“Belushi”, “The Joyful Epic”, “Red alert on wine”… Weekend replays


This week, back to the future with John Belushi, the Blues Brother gone too soon. A tribute to Lars Vogt, who also left too quickly. And two subjects of red alert: asbestos, the killer fiber which continues to be produced in millions of tons on the planet, prohibited in only sixty-seven countries; and wine, whose alcohol content continues to increase, due to global warming. Plus a message of hope, in these difficult times: the Happy Cafés and their “happy team members”, suffering from mental or cognitive disabilities, true “nice organizers” of a society in social and solidarity change.

Portrait of a comic genius with self-destructive impulses

RJ Cutler places in his artistic orbit the most gifted actor of his generation, star of the legendary film The Blues Brothers, died of an overdose in 1982, at age 33. John Belushi remained, until the worldwide success of John Landis’ film in 1980, an essentially American phenomenon. The documentary not only draws the forced trajectory of a comic genius, with the self-destructive impulses inseparable from this talent. It meticulously reconstructs the thread of an existence, from audio recordings recently found, with the testimonies of those close to Belushi: his friends from “Saturday Night Live” – ​​the NBC entertainment program in which all future stars passed comedy: Bill Murray, Eddie Murphy, Adam Sandler, Will Ferrell… –, Chevy Chase and Dan Aykroyd (with whom he formed the duo of The Blues Brothers); directors John Landis, Michael Apted, Harold Ramis and Ivan Reitman; actress Carrie Fisher; the comedian’s widow, Judy Belushi Pisano.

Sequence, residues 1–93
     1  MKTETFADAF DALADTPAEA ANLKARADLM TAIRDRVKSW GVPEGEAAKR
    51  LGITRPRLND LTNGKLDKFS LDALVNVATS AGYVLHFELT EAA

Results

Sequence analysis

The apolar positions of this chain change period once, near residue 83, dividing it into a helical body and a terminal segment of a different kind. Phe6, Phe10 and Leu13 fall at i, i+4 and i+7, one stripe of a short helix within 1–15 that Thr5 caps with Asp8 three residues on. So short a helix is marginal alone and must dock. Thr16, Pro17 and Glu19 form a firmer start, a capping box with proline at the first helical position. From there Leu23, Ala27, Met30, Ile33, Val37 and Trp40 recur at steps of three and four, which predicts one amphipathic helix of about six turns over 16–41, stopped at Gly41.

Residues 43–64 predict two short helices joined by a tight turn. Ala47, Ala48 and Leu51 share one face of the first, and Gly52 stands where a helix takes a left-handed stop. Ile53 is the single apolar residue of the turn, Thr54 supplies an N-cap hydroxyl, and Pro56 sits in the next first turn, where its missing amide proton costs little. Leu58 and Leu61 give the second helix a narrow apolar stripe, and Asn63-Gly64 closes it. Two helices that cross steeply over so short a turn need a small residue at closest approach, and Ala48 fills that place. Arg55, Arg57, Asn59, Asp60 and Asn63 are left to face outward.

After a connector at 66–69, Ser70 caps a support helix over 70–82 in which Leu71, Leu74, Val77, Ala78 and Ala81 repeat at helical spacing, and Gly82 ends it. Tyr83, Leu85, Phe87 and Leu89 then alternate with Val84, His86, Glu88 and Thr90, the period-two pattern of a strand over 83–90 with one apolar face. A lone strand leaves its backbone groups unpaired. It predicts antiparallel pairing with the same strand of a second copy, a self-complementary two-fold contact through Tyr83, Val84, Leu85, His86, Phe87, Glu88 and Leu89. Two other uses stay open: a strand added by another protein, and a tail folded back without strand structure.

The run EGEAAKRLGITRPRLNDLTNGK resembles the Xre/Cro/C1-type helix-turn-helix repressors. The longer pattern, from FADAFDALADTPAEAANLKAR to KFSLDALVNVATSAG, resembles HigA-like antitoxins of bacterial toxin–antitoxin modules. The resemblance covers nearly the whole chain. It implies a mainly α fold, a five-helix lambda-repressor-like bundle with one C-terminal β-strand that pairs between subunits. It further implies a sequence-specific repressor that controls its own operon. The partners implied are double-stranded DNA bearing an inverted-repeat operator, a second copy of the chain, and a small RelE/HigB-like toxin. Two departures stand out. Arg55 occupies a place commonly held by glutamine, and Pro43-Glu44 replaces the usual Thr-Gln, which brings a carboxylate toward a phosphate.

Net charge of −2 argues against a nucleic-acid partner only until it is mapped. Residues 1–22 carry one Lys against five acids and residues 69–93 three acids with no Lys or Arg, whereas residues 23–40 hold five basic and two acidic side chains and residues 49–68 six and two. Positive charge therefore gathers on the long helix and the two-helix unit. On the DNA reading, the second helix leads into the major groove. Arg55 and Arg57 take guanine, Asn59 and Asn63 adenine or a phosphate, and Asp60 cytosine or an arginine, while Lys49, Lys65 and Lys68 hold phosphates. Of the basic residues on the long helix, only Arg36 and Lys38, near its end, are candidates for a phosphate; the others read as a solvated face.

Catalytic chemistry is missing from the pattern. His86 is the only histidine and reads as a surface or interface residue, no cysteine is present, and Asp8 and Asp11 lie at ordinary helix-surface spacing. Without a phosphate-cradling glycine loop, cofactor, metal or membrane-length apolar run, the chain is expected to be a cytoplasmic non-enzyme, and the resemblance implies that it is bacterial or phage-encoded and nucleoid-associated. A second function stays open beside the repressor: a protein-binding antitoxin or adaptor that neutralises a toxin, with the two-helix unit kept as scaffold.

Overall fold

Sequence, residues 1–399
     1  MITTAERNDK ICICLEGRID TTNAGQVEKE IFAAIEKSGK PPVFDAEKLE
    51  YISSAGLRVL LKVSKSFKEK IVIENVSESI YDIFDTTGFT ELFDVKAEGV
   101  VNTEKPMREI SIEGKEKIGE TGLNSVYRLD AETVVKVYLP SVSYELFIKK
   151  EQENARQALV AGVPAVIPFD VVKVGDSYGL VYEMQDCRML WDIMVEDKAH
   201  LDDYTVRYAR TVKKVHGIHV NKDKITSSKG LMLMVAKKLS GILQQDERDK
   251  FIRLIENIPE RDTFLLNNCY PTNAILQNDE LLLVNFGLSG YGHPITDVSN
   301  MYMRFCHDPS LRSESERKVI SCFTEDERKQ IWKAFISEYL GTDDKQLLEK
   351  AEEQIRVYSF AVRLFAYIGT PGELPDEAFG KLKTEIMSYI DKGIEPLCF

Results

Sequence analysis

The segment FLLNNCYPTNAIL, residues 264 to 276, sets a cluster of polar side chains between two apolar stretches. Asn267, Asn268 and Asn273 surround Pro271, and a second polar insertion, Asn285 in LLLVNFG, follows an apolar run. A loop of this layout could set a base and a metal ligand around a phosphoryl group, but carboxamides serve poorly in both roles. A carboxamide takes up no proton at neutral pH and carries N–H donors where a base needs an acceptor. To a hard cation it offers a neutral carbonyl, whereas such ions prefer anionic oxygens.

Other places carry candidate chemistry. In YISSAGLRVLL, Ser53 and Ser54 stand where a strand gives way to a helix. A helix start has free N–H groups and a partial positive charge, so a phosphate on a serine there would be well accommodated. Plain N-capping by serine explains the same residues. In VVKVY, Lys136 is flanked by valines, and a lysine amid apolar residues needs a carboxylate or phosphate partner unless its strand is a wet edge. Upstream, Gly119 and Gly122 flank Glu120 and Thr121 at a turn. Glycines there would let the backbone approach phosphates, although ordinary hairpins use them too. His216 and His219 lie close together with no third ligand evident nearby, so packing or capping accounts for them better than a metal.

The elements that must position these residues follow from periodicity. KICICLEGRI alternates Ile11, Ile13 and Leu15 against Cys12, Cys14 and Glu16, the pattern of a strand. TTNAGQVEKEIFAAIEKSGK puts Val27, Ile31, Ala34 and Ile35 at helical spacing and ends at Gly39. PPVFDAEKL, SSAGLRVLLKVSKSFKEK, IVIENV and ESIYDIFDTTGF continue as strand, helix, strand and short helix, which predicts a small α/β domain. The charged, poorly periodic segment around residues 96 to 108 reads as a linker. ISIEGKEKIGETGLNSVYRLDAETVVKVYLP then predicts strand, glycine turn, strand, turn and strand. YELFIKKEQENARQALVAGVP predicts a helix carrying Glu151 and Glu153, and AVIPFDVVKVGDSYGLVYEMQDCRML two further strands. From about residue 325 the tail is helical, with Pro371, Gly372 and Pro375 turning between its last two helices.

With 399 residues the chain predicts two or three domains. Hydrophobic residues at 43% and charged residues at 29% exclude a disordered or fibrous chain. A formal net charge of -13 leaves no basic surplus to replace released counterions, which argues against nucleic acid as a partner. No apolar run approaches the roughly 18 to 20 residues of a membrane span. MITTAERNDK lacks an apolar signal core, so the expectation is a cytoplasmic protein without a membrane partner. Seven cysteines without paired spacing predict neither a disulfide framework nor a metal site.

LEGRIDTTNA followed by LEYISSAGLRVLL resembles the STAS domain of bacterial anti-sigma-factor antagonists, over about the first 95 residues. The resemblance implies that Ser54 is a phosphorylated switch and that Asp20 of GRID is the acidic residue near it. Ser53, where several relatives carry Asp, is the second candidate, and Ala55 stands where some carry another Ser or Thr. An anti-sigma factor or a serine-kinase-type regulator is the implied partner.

Here emerges the portrait of an artist aware of his unusual talent, inhabited by an uncommon self-confidence, from the outset confronted with demons that he will never be able to tame. In Wired (1984, translated into French, in 2015, by Capricci, under the title John Belushi. The crazy and tragic life of a Blues Brother), reference survey on the comedian, Bob Woodward, the journalist of the Washington Post, stigmatized a drug culture shared by the actor’s entourage, a microcosm that did nothing significant to get him out of this path. Belushi serves as a national treasure, whose chubby, expressive face runs through the best comedies of the second half of the 1970s. Samuel Blumenfeld

Belushi, documentary by RJ Cutler (United States, 2020, 113 minutes). Available on OCS City.

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